Online Events at King County Library System, courtesy of KCLS
Octavia’s First Afronaut: History, Resistance, and Black Futures
Feb. 19, 2–3:15 p.m.
Join us to learn about Octavia E. Butler’s earliest efforts to (re)imagine Black women’s lives and futures at this inspiring event with Dr. Briana Whiteside. Dr. Whiteside will delve into Alana, the groundbreaking character from Butler’s novel, Survivor (1978). She will also discuss why Survivor was rescinded (at Butler’s request) from the compilation, Seed to Harvest (2007), and why the novel is an important touchstone in Butler’s remarkable career.
Precarious Lives of Free Blacks Pre-1865
Feb. 21, 6–7:15 p.m.
What was life like for “Free Blacks” prior to 1865? With more than 30 years of experience in genealogical research, Dr. Janice Lovelace will present a snapshot of Free Blacks’ lives in this time period. She’ll also talk about how freedom was obtained pre-Emancipation in British, French, and Spanish colonies, as well as in the new nation of the United States.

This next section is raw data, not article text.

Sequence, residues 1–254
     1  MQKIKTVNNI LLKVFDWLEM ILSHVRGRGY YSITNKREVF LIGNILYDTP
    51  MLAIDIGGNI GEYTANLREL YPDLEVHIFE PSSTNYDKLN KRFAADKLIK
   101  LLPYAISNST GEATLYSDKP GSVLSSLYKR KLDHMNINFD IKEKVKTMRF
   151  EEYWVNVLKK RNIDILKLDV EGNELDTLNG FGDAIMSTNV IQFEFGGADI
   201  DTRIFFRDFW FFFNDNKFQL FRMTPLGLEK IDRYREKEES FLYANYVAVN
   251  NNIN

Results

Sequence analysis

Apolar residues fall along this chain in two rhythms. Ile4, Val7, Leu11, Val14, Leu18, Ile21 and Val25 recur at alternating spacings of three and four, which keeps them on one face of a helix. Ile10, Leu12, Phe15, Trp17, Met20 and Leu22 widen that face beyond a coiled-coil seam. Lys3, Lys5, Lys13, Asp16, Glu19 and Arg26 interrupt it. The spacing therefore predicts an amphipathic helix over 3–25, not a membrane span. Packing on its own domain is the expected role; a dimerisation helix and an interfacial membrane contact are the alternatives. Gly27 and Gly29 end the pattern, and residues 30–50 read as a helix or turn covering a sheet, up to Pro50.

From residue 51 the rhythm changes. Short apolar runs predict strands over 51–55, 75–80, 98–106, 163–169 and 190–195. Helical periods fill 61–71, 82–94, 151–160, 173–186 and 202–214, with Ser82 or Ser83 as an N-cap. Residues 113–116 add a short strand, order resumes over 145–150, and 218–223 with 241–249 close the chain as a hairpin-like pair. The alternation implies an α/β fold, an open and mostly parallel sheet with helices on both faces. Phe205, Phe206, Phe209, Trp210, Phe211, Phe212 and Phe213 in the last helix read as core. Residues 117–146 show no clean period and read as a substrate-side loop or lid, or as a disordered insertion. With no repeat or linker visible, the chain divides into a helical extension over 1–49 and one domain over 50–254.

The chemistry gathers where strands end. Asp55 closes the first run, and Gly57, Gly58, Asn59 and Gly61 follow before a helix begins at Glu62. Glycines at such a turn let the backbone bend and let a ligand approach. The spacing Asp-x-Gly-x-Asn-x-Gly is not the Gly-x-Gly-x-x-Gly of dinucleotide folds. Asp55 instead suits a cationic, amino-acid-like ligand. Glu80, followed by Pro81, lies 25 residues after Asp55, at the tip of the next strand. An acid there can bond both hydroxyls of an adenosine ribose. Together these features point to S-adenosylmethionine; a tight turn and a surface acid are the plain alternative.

Author Voices: Clyde W. Ford
Feb. 22, 7:30–8:30 p.m.
Join us for an engaging discussion with award-winning author Clyde W. Ford. Ford will discuss his latest book, Of Blood and Sweat: Black Lives and the Making of White Power and Wealth, which reveals how most American institutions of power and wealth were created by Black Americans, or created to control them.
Check out KCLS’ Black History Month reading list, and the Seattle Public Library’s Black Culture and History Collection.
This month and at all times, support Black-owned businesses in Seattle, and check out Emerald coverage of Black History Month events from previous years.
Victor Simoes is an international student at the University of Washington pursuing a double degree in journalism and photo/media. Originally from Florianópolis, Brazil, they enjoy radical organizing, hyper pop, and their beloved cats. Their writing focuses on community, arts, and culture. You can find them on Instagram or Twitter at @victorhaysser.
📸 Featured Image: A group of people gathered on 23rd and Jackson Street during Africatown Community Land Trust’s Honoring Our Black Wall Streets Business Expo & Marketplace in May 2022. (Photo by Susan Fried)